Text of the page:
> bitcoin-cli -regtest signrawtransaction $PARTLY_SIGNED_RAW_TX '[]' '''
    [
      "'$UTXO2_PRIVATE_KEY'"
    ]'''
{
    "hex" : "0100000002f327e86da3e66bd20e1129b1fb36d07056f0b9a11\
             7199e759396526b8f3a20780000000049483045022100fce442\
             ec52aa2792efc27fd3ad0eaf7fa69f097fdcefab017ea56d179\
             9b10b2102207a6ae3eb61e11ffaba0453f173d1792f1b7bb8e7\
             422ea945101d68535c4b474801fffffffff0ede03d75050f208\
             01d50358829ae02c058e8677d2cc74df51f738285013c260000\
             00006b483045022100b77f935ff366a6f3c2fdeb83589c79026\
             5d43b3d2cf5e5f0047da56c36de75f40220707ceda75d8dcf2c\
             caebc506f7293c3dcb910554560763d7659fb202f8ec324b012\
             102240d7d3c7aad57b68aa0178f4c56f997d1bfab2ded3c2f94\
             27686017c603a6d6ffffffff02f028d6dc010000001976a914f\
             fb035781c3c69e076d48b60c3d38592e7ce06a788ac00ca9a3b\
             000000001976a914fa5139067622fd7e1e722a05c17c2bb7d5f\
             d6df088ac00000000",
    "complete" : true
}

To sign the second input, we repeat the process we used to sign the first input using the second private key. Now that both inputs are signed, the complete result is true.

> unset PARTLY_SIGNED_RAW_TX RAW_TX NEW_ADDRESS1 [...]

Clean up the shell variables used. Unlike previous subsections, we’re not going to send this transaction to the connected node with sendrawtransaction. This will allow us to illustrate in the Offline Signing subsection below how to spend a transaction which is not yet in the block chain or memory pool.

Offline Signing

We will now spend the transaction created in the Complex Raw Transaction subsection above without sending it to the local node first. This is the same basic process used by wallet programs for offline signing—which generally means signing a transaction without access to the current UTXO set.

Offline signing is safe. However, in this example we will also be spending an output which is not part of the block chain because the transaction containing it has never been broadcast. That can be unsafe:

Warning icon Warning: Transactions which spend outputs from unconfirmed transactions are vulnerable to transaction malleability. Be sure to read about transaction malleability and adopt good practices before spending unconfirmed transactions on mainnet.

> OLD_SIGNED_RAW_TX=0100000002f327e86da3e66bd20e1129b1fb36d07056\
      f0b9a117199e759396526b8f3a20780000000049483045022100fce442\
      ec52aa2792efc27fd3ad0eaf7fa69f097fdcefab017ea56d1799b10b21\
      02207a6ae3eb61e11ffaba0453f173d1792f1b7bb8e7422ea945101d68\
      535c4b474801fffffffff0ede03d75050f20801d50358829ae02c058e8\
      677d2cc74df51f738285013c26000000006b483045022100b77f935ff3\
      66a6f3c2fdeb83589c790265d43b3d2cf5e5f0047da56c36de75f40220\
      707ceda75d8dcf2ccaebc506f7293c3dcb910554560763d7659fb202f8\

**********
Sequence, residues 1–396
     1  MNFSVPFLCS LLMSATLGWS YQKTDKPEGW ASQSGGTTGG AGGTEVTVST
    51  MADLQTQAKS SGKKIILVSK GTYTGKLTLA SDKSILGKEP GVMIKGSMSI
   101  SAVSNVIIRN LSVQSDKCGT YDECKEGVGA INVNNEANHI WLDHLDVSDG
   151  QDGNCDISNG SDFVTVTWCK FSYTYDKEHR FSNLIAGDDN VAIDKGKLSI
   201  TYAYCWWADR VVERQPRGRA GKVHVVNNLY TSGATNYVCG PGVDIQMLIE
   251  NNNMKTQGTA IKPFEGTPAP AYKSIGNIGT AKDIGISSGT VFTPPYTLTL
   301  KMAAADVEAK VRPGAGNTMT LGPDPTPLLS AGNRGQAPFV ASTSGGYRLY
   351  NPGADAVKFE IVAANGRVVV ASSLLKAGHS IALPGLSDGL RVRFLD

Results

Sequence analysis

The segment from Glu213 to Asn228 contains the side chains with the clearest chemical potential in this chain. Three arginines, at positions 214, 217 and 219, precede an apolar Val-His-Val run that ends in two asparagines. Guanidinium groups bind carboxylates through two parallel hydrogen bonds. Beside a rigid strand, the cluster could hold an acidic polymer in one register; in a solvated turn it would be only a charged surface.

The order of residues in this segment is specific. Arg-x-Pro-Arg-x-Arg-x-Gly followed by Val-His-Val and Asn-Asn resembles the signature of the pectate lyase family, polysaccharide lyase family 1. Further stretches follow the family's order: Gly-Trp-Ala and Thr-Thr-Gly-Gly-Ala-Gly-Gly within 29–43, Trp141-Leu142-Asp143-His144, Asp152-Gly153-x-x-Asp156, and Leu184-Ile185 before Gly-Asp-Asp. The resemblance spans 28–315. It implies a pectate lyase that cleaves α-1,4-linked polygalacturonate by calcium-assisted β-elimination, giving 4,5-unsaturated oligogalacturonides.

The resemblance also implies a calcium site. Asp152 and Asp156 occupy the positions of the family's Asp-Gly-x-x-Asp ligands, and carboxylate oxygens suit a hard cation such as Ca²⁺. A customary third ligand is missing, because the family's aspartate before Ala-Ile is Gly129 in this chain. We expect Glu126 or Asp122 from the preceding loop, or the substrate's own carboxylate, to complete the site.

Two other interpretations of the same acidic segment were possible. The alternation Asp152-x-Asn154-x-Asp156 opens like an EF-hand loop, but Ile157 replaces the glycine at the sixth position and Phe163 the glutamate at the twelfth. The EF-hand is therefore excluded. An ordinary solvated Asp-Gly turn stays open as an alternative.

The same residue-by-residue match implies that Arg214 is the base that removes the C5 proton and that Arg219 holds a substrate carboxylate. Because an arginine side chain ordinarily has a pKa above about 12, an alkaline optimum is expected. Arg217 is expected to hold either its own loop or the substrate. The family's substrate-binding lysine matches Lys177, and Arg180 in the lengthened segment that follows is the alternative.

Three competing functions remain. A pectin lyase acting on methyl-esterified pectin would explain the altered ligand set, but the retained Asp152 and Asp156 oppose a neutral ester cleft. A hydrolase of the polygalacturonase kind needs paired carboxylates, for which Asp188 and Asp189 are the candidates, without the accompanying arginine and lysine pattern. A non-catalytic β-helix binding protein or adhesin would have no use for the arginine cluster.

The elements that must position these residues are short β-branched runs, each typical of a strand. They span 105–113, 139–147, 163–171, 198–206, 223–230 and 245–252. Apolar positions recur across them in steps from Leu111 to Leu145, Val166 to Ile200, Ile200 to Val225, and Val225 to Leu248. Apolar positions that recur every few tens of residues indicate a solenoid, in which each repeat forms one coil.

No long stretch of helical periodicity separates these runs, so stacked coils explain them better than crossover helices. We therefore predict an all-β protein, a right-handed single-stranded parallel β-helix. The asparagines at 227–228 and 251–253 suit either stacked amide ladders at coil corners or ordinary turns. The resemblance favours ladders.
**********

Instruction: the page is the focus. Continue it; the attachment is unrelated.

ec324b012102240d7d3c7aad57b68aa0178f4c56f997d1bfab2ded3c2f\
      9427686017c603a6d6ffffffff02f028d6dc010000001976a914ffb035\
      781c3c69e076d48b60c3d38592e7ce06a788ac00ca9a3b000000001976\
      a914fa5139067622fd7e1e722a05c17c2bb7d5fd6df088ac00000000

Put the previously signed (but not sent) transaction into a shell variable.

> bitcoin-cli -regtest decoderawtransaction $OLD_SIGNED_RAW_TX
{
    "txid" : "682cad881df69cb9df8f0c996ce96ecad758357ded2da03bad\
              40cf18ffbb8e09",
    "version" : 1,
    "locktime" : 0,
    "vin" : [
        {
            "txid" : "78203a8f6b529693759e1917a1b9f05670d036fbb1\
                      29110ed26be6a36de827f3",
            "vout" : 0,
            "scriptSig" : {
                "asm" : "3045022100fce442ec52aa2792efc27fd3ad0ea\
                         f7fa69f097fdcefab017ea56d1799b10b210220\
                         7a6ae3eb61e11ffaba0453f173d1792f1b7bb8e\
                         7422ea945101d68535c4b474801",
                "hex" : "483045022100FCE442ec52aa2792efc27fd3ad0\
                         eaf7fa69f097fdcefab017ea56d1799b10b2102\
                         207a6ae3eb61e11ffaba0453f173d1792f1b7bb\
                         8e7422ea945101d68535c4b474801"
            },
            "sequence" : 4294967295
        },
        {
            "txid" : "263c018582731ff54dc72c7d67e858c002ae298835\
                      501d80200f05753de0edf0",
            "vout" : 0,
            "scriptSig" : {
                "asm" : "3045022100b77f935ff366a6f3c2fdeb83589c7\
                         90265d43b3d2cf5e5f0047da56c36de75f40220\
                         707ceda75d8dcf2ccaebc506f7293c3dcb91055\
                         4560763d7659fb202f8ec324b01
                         02240d7d3c7aad57b68aa0178f4c56f997d1bfa\
                         b2ded3c2f9427686017c603a6d6",
                "hex" : "483045022100b77f935ff366a6f3c2fdeb83589\
                         c790265d43b3d2cf5e5f0047da56c36de75f402\
                         20707ceda75d8dcf2ccaebc506f7293c3dcb910\
                         554560763d7659fb202f8ec324b012102240d7d\
                         3c7aad57b68aa0178f4c56f997d1bfab2ded3c2\
                         f9427686017c603a6d6"
            },
            "sequence" : 4294967295
        }
    ],
    "vout" : [
        {
            "value" : 79.99990000,
            "n" : 0,
            "scriptPubKey" : {